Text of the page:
Ginger Tea with Nutmeg


In high school I used to lure my best friends Vanessa and Sara over to my house with promises of comforting foods and home baked sweets. An obsessive (if still amateur) cook by the age of 14, I was constantly making a mess of my mother's kitchen with one concoction after another. While my brother and father were the usual guinea pigs for these experiments, I occasionally bestowed the honor upon my friends.

"So do you want to come over? I made chili last night," I'd say as we stood in our perpetually drooping knee socks waiting for NJ Transit bus #163 to pick us up outside our school.

Though undoubtedly a tempting offer, the girls always hesitated because they knew that accepting could potentially mean having to take a second bus home afterwards if they could not find another ride. Sara rarely needed more than a promise that she could nap on my bed to accept. (Always a remarkably sleepy girl, we nicknamed her "the dormouse" after the mouse in Alice in Wonderland who was always falling asleep in strange places.)
Vanessa, however, sometimes needed a bit more coaxing. Fortunately, I quickly discovered the one thing that would always get a yes:

"I'll make you ginger tea with nutmeg..."

To this day, the promise of ginger tea is often enough to lure Vanessa from her apartment in Queens to mine in Harlem.


Ginger Tea with Nutmeg
I learned this recipe from my mother who used to make it for me whenever I was feeling sick. This spicy tea is easy to make, and because of the strength of the root, can last you up to two days as long as you keep adding fresh water to the pot. Ginger Tea is perfect for sharing with friends on a cold winter's night and is definitely worth the long trip home (even on public transportation).

Ingredients
1/2 cup thinly sliced or chopped fresh ginger. (No need to peel.)
5 cups of water
brown sugar or honey to taste
milk*
nutmeg

1. Combine the water and fresh ginger in a medium saucepan and bring to a boil. Reduce heat and allow to simmer for 20 to 45 minutes, being careful not to let the water evaporate. Note that the longer you simmer, the stronger and spicier the tea.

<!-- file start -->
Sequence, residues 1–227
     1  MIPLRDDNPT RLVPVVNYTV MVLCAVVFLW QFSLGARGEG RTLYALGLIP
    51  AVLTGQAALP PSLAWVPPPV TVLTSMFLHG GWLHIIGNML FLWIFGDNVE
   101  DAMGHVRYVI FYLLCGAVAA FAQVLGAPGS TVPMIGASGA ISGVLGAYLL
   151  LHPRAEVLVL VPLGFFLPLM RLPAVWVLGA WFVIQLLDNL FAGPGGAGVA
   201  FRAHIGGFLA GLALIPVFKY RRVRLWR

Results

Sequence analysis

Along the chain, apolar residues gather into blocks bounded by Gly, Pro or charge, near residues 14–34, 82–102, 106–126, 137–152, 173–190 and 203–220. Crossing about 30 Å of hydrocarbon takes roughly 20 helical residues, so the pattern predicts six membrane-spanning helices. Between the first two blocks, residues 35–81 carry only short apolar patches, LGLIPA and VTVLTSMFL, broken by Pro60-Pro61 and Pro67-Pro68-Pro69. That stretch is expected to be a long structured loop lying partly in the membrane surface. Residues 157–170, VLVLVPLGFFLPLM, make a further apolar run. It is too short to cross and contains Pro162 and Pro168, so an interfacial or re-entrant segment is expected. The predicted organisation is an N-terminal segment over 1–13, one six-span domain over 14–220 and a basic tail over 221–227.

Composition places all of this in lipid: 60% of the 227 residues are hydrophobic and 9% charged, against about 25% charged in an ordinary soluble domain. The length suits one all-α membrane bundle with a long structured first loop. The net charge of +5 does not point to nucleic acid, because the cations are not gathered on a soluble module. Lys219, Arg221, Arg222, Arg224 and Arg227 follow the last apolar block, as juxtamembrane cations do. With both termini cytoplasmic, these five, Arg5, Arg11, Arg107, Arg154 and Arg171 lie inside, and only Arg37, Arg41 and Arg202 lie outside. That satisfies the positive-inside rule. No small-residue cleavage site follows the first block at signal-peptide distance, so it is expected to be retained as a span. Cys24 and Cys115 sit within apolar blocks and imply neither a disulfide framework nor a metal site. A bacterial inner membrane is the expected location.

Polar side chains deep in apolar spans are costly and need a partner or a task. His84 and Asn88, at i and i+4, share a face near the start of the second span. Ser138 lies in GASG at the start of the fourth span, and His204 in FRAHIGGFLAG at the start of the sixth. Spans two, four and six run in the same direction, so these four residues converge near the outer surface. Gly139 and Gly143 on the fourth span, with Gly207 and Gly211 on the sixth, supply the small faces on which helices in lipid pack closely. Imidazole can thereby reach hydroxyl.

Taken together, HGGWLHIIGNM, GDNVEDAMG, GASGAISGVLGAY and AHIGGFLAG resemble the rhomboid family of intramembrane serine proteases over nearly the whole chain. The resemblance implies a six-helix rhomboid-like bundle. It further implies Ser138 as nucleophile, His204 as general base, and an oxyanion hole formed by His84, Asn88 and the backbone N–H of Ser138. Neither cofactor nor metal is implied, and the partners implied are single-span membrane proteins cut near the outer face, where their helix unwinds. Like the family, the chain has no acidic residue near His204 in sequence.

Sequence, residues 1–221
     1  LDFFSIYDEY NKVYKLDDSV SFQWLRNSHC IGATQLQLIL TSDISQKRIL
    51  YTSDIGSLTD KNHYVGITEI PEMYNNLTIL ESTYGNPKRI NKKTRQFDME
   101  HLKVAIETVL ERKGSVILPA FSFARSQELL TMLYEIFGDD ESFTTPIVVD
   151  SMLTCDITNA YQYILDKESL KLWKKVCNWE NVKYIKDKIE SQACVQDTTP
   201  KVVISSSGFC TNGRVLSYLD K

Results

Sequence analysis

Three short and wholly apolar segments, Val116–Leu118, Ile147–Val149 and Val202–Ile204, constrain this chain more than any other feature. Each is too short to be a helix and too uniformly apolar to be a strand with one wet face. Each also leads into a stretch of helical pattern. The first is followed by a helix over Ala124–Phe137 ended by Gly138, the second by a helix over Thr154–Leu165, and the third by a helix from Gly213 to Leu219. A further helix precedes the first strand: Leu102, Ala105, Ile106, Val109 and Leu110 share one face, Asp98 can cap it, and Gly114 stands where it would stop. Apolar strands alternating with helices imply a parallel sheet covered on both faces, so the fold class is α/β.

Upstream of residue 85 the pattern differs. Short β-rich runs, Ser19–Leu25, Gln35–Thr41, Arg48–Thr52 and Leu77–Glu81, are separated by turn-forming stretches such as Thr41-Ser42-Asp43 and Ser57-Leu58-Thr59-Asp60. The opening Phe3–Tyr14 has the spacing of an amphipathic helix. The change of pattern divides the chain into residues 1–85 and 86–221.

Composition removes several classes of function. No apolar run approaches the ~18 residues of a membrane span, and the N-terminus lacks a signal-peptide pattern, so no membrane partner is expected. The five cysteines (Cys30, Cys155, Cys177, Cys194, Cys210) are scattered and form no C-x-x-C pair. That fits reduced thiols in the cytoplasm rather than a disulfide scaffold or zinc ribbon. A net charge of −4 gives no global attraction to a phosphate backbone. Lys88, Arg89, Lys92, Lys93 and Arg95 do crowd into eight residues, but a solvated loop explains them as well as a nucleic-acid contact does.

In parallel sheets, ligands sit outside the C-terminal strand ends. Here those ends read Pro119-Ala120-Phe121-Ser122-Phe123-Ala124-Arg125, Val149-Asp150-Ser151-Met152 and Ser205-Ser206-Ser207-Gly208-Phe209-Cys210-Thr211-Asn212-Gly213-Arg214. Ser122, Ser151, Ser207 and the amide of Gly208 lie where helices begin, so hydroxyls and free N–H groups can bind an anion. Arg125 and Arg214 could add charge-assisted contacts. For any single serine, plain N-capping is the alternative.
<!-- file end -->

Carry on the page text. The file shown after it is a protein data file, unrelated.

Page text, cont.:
2. When the tea reaches your desired strength, remove from heat and strain into big mugs.
3. Sweeten each serving to taste, and pour in just enough milk to turn it white. Finish off with a dusting of freshly grated nutmeg and serve.


*If you would like to skip the milk, a squeeze of lemon mixed in with the honey will
serve to brighten the flavor.

6 comments:

  1. Yes! Please do! I would really love that...

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  2. oh.... but your bed is so comfortable ;) So excited you featured us!

    I do remember when Chef Alejandra came out of the "oven" .. (I know that was dorky) and started whipping up all these delicious meals out of nowhere. I remember thinking "where did this come from!" and quite pleasantly so. If I'm correct it all started back then around the time you helped your grandmother :)

    You can still get me over with the promise of a nap but a margarita is now just as tempting nowadays (I know you have that ice cream/smoothie maker there!). Thank God I hadn't tapped into that back then though ;)!

    love,

    Fiorella aka Sara

    ReplyDelete
  3. Hey Chicken

    Where is the "low-carb-low-call" section of your blogg?

    Have you not learned anything*****SIGH****
    ;-)
    X

    ReplyDelete
  4. Quite a sophisticated drink for schoolgirls! You were ahead of your time...

    ReplyDelete
  5. The ginger tea was my weakness, it was something about the burn on the throat and the odd urge to take another sip.. and feel the burn once more.

    Maybe there is something wrong with us.. haha! or something so right.

    Love the blog My Darling, and I cant wait for the next Ginger Tea session.

    beso.
    V.

    ReplyDelete

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